As the deadline for the so-called supercommittee nears and speculation about what it will do to make at least $1.2 trillion in cuts to the deficit reaches a fever pitch, 160 U.S. representatives—including 14 Republicans—signed a letter urging the panel not to consider slashing the tax exemption for employer-provided healthcare benefits. The letter, authored by Democratic Connecticut Rep. Joe Courtney and Republican Oklahoma Rep. Tom Cole, claims that proposals to change the deduction would "not only reduce health coverage for millions of Americans, but would also increase long-term federal spending obligations."
The supercommittee, tasked by this summer's debt ceiling compromise with finding between $1.2 trillion and $1.5 trillion in debt reduction over a 10-year period, has remained tight-lipped about its proposals as the November 23 deadline to submit a plan approaches. The silence has led to hyperventilating among interest groups worried that they'll be hit with a damaging proposal without much time to respond.
The healthcare deduction exempts employees from having to pay taxes on employer-provided healthcare benefits. The deduction, which means the federal government collects about $250 billion less each year than it otherwise would, benefits millions of workers. But critics claim that it's a regressive benefit—the more money you make, the better the perk—and that it encourages employers to offer extravagant healthcare plans, contributing to the nation's skyrocketing health costs. The presidential fiscal commission report, authored by former White House chief of staff Erskine Bowles and former Wyoming Sen. Alan Simpson, recommended capping the benefit, while another debt plan authored by former New Mexico Sen. Pete Domenici and former White House budget director Alice Rivlin recommended doing away with the deduction entirely. All four testified before the supercommittee earlier this week.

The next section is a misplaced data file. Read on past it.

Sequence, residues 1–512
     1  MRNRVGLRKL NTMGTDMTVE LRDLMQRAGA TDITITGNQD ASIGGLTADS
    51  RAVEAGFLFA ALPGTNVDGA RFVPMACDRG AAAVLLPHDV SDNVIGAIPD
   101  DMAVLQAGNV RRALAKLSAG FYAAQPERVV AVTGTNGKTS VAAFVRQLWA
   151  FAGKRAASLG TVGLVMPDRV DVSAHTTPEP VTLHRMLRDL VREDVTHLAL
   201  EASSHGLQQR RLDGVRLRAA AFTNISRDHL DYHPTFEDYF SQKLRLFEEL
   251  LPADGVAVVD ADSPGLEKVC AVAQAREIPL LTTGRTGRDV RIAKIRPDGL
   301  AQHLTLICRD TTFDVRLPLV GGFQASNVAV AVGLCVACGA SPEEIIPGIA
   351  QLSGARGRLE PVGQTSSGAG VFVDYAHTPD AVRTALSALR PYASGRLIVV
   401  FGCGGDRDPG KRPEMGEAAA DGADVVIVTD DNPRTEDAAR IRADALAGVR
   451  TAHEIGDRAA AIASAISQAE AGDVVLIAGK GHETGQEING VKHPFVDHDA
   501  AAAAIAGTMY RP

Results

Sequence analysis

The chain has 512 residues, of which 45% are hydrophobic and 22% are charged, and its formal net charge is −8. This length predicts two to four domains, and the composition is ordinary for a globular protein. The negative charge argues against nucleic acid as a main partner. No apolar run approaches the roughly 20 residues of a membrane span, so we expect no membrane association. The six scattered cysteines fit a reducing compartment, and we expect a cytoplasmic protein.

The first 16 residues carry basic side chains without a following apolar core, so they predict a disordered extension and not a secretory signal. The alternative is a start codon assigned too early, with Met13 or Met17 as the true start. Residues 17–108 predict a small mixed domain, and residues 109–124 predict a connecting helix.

Cole dismissed such arguments as ivory tower thinking, disconnected from the real world. "It's popular in academic circles as a quick fix for the deficit," Cole said, but the "political reality" iss that it would never pass Congress. "This is a middle-class tax increase," Courtney said.
Past efforts to cap or change the employer exemption have ended with a whimper. President Obama pushed for a tax on pricey, "Cadillac" healthcare plans during the debate over the Affordable Care Act, and while the tax did make it into the final law, it was significantly watered down. The employer exemption benefits organized labor, one of the Democrats' key constituencies, and the idea of raising taxes on anything runs against the Republican Party's current no-tax mantra.
But the issue shows just how difficult the supercommittee's task is. Simpson, Bowles, and other anti-deficit advocates have urged the panel to consider eliminating the $1.1 trillion of tax incentives in the current code. But many of those dollars go toward incentives like the employer exemption, cherished tax deductions that benefit millions of Americans and have strong, politically powerful constituencies. Other examples include the mortgage interest deduction, which experts also claim is wasteful and had a role in the housing bubble, as well as deductions for charitable contributions. Eliminating, reducing, or changing those deductions is a political headache the supercommittee may be eager to avoid.
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